SECTION I : Selected Letters

[ from Selected Works of Mahatma Gandhi : Vol - 4 ]

Mahatma Gandhi

Selected Works of Mahatma Gandhi
Volume IV

Table of Contents

  • Foreword
  • Publisher's Note



  1. Faith in God
  2. Religions and Scriptures
  3. Value of Prayer
  4. Truth and Non-violence
  5. The Science of Satyagraha
  6. Fasting in Satyagraha
  7. Unto This Last
  8. Khadi and Village Industry
  9. East and West
  10. Hindu-Muslim Unity
  11. Upliftment of Women
  12. The Good of All
  13. India's Freedom
  14. Education
  15. Caste System and Untouchability
  16. Brahmacharya
  17. Fearlessness
  18. Health and Hygene
  19. Self-restraint
  20. Self-development
  21. Selfless Service
  22. Voluntary Poverty

About This Volumes

Selected Works of Mahatma Gandhi

Selected Works of Mahatma Gandhi comprises of Five volumes.

  • Vol-I: Autobiography
  • Vol-II: Satyagraha in South Africa
  • Vol-III: Basic Works
    1. Ethical Religion
    2. Unto This Last
    3. Hind Swaraj or Indian Home Rule
    4. From Yeravada Mandir
    5. Discourses on the Gita
    6. Constructive Programme
    7. Key to Health
  • Vol-IV: Selected Letters
  • Vol-V: Voice of Truth

This book, Selected Letters, is volume-4.

Written by : M. K. Gandhi
General Editor : Shriman Narayan
Volume Selected Works of Mahatma Gandhi : A set of five books
ISBN: 81-7229-278-3 (set)
Printed and Published by :
Jitendra T. Desai
Navajivan Mudranalaya,
© Navajivan Trust, 1968


Gandhi Letter 67 : To Ramsay MacDonald1

Yeravda Prison,
August 18, 1932


There can be no doubt that Sir Samuel Hoare has showed you and the Cabinet my letter to him of 11th March on the question of the representation of the depressed classes. That letter should be treated as part of this letter and be read together with this.
I have read the British Government's decision on the representation of the Minorities and have slept over it. In pursuance of my letter to Sir Samuel Hoare and my declaration at the meeting of the Minorities Committee of the Round Table Conference on the 13th November 1931, at St. James' Palace, I have to resist your decision with my life. The only way I can do so is by declaring a perpetual fast unto death from food of any kind, save water with or without salt and soda. This fast will cease if during its progress the British Government of its own motion or under the pressure of public opinion revise their decision and their schemes of communal electorates for the depressed classes, whose representatives should be elected by general electorate under common franchise no matter how wide it is.
The proposed fast will come into operation in the ordinary course from the noon of 20th September next unless the said decision is meanwhile revised in the manner suggested above.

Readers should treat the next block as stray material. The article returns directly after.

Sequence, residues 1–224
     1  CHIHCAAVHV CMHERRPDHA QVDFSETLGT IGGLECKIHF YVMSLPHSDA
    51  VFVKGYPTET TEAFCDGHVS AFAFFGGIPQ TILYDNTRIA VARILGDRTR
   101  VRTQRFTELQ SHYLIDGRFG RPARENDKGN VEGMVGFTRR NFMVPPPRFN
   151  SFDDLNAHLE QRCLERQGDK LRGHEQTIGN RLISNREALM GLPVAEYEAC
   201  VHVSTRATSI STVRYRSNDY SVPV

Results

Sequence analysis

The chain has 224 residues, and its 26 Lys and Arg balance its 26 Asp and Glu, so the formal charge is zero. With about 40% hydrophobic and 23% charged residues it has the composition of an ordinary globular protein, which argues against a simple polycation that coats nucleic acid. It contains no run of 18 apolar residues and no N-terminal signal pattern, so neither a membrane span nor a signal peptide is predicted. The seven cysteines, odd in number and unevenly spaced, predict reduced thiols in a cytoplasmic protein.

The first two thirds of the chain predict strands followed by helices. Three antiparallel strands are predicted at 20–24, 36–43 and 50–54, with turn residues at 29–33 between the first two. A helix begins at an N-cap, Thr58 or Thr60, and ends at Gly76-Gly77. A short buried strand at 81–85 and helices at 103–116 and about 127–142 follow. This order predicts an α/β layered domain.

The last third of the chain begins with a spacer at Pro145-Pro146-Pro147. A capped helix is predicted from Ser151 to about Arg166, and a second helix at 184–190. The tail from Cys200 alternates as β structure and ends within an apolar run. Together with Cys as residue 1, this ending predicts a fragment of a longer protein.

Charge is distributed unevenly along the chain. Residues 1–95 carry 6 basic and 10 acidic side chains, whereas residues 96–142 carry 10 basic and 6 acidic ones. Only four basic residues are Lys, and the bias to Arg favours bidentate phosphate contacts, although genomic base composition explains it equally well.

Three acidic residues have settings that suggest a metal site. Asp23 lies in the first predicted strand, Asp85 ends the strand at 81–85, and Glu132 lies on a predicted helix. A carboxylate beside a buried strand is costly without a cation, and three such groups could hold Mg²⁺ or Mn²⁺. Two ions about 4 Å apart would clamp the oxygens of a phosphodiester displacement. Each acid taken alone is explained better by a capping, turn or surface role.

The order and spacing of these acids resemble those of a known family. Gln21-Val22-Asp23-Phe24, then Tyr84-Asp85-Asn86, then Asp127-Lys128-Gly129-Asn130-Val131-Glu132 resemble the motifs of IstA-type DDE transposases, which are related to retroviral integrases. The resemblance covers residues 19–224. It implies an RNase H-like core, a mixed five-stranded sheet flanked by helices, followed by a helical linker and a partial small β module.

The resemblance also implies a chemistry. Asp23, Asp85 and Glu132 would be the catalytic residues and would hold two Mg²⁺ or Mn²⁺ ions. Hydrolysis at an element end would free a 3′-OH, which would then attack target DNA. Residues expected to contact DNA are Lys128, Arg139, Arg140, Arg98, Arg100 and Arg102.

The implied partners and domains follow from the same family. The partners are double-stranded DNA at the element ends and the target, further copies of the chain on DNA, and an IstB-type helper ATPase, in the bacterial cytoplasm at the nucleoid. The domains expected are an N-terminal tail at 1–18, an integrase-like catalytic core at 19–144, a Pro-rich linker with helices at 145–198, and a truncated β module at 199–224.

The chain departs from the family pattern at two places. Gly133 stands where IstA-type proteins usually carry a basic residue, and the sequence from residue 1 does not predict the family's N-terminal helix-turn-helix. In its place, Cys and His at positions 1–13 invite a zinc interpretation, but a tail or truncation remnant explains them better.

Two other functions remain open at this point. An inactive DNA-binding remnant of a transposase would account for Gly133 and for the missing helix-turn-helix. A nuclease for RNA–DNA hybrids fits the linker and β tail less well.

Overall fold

I am asking the authorities here to cable the text of this letter to you so as to give you ample notice. But in any case I am leaving sufficient time for this letter to reach you in time by the slowest route.
I also ask that this letter and my letter to Sir Samuel Hoare, already referred to, be published, at the earliest possible moment. On my part I have scrupulously observed the rule of the jail and have communicated my desire or the contents of the two letters to no one save my two companions, Sardar Vallabhbhai Patel and Sjt. Mahadev Desai. But I want, if you make it possible public opinion to be affected by my letters. Hence my request for their early publication.
I regret the decision that I have taken. But as a man of religion that I hold myseif to be, I have no other course left open to me. As I have said in my letter to Sir Samuel Hoare, even if His Majesty's Government decided to release me in order to save themselves embarrassment, my fast will have to continue. For, I cannot now hope to resist the decision by any other means. And I have no desire whatsoever to compass my release by any means other than honourable.
It may be that my judgment is warped and that I am wholly in error in regarding separate electorates for the depressed classes as harmful to them or Hinduism. If so, I am not likely to be in the right with reference to other parts of my philosophy of life. In that case, my death by fasting will be at once a penance for my error and a lifting of a weight from off those numberless men and women who have a child-like faith in my wisdom. Whereas if my judgment is right, as I have little doubt it is, the contemplated step is but a due fulfilment of the scheme of life which I have tried for more than a quarter of a century apparently not without considerable success.

Your sincerely,

Famous Letters of Mahatma Gandhi, pp. 104-06

  1. Macdonald, James Ramsay: (1866-1937)-British Politician; a leading Member of I.L.E (1893-1930); Secretary (1900-11) and leader (1911-14, 1922-30) of the Labour Party; Member of Parliament from 1906; Prime Minister and Foreign Secretary of the first Labour Government in Britain (Nov. 1924); In 1935-37 he was a Lord President under Mr. Baldwin.